Our 2010 outlook

Philequity Corner - Valentino Sy -

Last week, we said that we had to review what transpired during the past two years in order to understand what will happen going forward. We enumerated our calls and predictions in chronological order. Below we summarize our major thesis for our outlook in 2010:

• In 2008, we’ve experienced that financial version of “Armageddon.” Similar to what we experienced during the Asian crisis, the financial system went through a near-death experience after Lehman Brothers collapsed. Only this time it was to be on a global scale and encompassed all asset markets.

• We’ve had the biggest decline in the markets in 2008. Therefore, the spectacular bounce in 2009 is but a natural move. This is similar to Newton’s Third Law of Motion which states that “for every action, there is an equal and opposite reaction.” The benchmark S&P 500 index, for example, declined 57 percent from its October 2007 peak of 1,575 to its March 2009 low of 666. The index has since rebounded 70 percent from that low.

• The bear market is over and the bull market remains intact. Technically speaking, the bullish trend confirmation that occurred in 2009 remains intact. As with all bull markets, we will continue to experience bumps and corrections along the way. Nonetheless, we will remain bullish until the long-term trend says otherwise. 

• Government is all-out to reinvigorate the economy. We are fortunate to have Ben Bernanke at the helm of the Fed. He knows what to do during a deflationary crisis, being a keen student of liquidity traps during the 1930s Great Depression and 1990s Lost Decade of Japan. Worldwide, the fiscal and monetary policies of governments remain ultra-stimulative. Such an environment is positive for stocks, at least until policymakers shift into a tightening stance. 

• The US economy on the road to recovery. Recent data in the US shows that GDP likely grew five percent in the 4th quarter of 2009. As the economy continues to improve, US job losses have moderated to an average monthly loss of 69,000 in the 4th quarter of 2009 compared to 200,000 in the 3rd quarter and 400,000 in the 2nd quarter of last year. Given this trend, we may already see an up-tick in the employment figure sometime during this 1st quarter of 2010.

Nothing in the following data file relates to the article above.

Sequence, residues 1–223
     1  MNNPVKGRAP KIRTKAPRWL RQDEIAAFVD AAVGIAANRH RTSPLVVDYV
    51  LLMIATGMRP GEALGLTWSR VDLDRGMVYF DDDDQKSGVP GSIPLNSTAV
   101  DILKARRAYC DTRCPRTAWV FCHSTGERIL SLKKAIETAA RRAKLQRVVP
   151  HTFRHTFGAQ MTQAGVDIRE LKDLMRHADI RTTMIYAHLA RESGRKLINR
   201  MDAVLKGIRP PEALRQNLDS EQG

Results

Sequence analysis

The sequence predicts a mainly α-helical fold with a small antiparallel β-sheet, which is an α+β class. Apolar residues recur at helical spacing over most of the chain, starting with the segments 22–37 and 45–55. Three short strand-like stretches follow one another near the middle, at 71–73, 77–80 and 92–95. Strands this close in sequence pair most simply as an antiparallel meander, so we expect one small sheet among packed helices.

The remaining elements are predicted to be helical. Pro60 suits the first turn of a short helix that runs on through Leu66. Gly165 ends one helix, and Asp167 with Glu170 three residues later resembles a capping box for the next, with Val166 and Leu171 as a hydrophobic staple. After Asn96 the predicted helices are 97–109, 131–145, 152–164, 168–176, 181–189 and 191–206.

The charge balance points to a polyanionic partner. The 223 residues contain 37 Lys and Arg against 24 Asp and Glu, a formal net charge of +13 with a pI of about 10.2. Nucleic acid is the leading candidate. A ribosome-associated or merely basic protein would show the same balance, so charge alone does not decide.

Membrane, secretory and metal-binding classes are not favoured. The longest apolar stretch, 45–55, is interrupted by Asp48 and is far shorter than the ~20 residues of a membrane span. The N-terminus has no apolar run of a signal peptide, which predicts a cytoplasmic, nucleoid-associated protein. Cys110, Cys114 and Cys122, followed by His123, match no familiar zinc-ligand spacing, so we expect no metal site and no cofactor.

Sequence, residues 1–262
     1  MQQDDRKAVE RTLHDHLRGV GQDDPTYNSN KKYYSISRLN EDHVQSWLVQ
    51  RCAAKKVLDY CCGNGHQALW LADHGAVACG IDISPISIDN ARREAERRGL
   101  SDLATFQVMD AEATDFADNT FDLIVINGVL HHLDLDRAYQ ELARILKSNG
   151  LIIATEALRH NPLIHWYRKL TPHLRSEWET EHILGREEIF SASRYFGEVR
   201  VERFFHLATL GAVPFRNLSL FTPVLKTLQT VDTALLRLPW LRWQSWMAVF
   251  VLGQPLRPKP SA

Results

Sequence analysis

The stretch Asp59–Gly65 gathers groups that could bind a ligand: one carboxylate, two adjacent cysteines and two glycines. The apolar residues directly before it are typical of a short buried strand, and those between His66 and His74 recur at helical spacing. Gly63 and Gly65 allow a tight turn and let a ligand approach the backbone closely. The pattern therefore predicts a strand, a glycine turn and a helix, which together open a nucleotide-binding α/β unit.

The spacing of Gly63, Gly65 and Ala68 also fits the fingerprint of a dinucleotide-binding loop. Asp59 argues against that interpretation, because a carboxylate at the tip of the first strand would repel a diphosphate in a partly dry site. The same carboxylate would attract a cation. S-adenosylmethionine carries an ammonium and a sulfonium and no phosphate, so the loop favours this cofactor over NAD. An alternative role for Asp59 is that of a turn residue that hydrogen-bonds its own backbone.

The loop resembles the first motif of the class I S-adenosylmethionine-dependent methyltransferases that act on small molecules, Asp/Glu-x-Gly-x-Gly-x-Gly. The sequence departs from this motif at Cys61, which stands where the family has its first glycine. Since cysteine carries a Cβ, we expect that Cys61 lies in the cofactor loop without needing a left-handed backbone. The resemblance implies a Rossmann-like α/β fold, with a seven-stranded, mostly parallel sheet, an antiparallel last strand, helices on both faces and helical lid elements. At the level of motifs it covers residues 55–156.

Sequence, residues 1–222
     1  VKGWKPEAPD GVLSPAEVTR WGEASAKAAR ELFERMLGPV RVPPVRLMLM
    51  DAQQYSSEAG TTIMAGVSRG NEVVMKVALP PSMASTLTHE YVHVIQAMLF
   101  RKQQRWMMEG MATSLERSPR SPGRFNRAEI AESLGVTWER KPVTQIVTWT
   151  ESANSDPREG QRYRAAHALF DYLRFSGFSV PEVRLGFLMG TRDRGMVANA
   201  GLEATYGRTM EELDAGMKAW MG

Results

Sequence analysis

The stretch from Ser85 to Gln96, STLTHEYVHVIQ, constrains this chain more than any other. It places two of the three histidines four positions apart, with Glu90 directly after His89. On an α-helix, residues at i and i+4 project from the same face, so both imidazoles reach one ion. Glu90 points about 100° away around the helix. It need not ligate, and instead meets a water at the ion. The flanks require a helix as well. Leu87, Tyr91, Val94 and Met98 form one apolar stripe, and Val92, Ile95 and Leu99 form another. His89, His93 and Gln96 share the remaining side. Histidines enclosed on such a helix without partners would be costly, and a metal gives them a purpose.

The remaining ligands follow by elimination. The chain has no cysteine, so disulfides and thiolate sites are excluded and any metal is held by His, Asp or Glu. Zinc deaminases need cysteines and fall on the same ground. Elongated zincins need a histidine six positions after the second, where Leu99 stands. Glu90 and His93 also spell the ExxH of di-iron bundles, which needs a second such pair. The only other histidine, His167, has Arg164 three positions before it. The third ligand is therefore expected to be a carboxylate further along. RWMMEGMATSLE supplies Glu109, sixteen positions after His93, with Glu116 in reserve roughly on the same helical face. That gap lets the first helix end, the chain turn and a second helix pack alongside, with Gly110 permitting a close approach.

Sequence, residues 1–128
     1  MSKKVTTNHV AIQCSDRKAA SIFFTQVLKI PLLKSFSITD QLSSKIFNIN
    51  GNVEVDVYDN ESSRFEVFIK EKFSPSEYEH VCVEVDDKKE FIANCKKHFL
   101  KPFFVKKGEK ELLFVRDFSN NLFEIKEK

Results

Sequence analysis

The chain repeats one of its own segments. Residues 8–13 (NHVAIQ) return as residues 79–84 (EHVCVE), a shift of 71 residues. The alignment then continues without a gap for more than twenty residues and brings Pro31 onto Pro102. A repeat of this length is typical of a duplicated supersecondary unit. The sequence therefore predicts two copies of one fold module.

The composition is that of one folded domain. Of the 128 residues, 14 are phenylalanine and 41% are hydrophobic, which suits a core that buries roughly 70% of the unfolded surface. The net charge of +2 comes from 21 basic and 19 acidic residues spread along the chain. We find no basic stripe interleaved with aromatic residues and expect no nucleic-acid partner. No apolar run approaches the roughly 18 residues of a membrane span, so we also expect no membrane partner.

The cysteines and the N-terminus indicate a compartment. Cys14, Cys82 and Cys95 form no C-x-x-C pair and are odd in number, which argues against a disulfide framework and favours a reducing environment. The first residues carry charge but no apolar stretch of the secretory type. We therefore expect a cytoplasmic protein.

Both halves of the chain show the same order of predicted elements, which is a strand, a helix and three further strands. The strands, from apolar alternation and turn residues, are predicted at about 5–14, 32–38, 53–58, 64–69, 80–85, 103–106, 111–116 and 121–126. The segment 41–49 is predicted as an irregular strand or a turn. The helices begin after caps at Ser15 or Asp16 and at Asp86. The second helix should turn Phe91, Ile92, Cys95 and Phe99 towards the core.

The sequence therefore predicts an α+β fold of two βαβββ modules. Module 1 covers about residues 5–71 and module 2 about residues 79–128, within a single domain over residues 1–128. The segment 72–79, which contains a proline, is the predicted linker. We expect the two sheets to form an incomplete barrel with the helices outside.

• Asia is leading the growth. Having weathered a similar financial crisis in the late 1990s, Asia is recovering faster than the West. Most Asian countries had well-managed fiscal positions, underleveraged private sectors and huge currency reserve buffers to deal with external shocks. In addition, the region was spared of the toxic assets that plagued US and Europe. That is why the recovery was faster. In fact, IMF sees Asia growing by 5.75 percent this year, far higher than the 1.25-percent growth expected for the G-7 economies.

• Corporate earnings on a rebound. Consensus estimates (by Zack’s Investment Research) show a 27-percent rise in earnings for S&P 500 companies in 2010. In the case of Philippine companies that we track in our basket, we expect a 17.6-percent earnings growth in 2010.  

S&P 500 & PSEi targets

Unlike 2009, we expect a bumpy road for stocks in 2010. We would not be surprised to see volatility increasing and more corrections happening, particularly given the strong advance in stocks over the past nine months. At the end of the year, however, we expect the markets to be modestly higher. 

In the case of the S&P 500, we expect it to reach 1,250 in 2010 before it encounters a major resistance. At 1,250, the S&P 500 would be trading at a price-to-earnings ratio of 15.6x.

Meanwhile, we expect the PSE Index to reach 3,300 in 2010 before it comes across a more serious impediment. At 3,300, the PSE Index would be trading at a price-to-earnings ratio of 14.6x.

Risks to our forecasts

Despite the seemingly favorable economics and earnings backdrop, we suggest that investors be more cautious in managing their portfolio because of the possible risks that may cause substantial corrections:

1) Policymakers may increase interest rates and remove stimulus programs prematurely. 

2) Government becomes more interventionist, e.g. putting position limits in some agricultural commodities and energy products.

3) Higher taxes and introduction of new ones like the proposed “bank tax” in the US.

4) More unforeseen shocks like the insolvency of Dubai World and the credit downgrade of Greece.

5) Earnings disappointments because expectations may already be too high like the case of JP Morgan and Alcoa.

In the short run, government interventions in the commodities markets and the higher taxes would be negative for stocks. In the long-run, however, both moves are viewed to have positive effects. Putting position limits on commodity trading will lessen future volatility in commodity prices. Meanwhile, higher taxes would address the debt and deficit problems of the government.

Corrections in 2010 will happen. But as to the timing, depth and the reasons for the corrections, nobody really knows. What is important is that the markets have made an important low in March 2009 and that the general trend is now upwards. Therefore, substantial pullbacks or corrections from hereon are opportunities to buy.

For comments and inquiries, you can email us at [email protected]. You can also view our archived articles at www.philequity.net or www.wealthsec.com.

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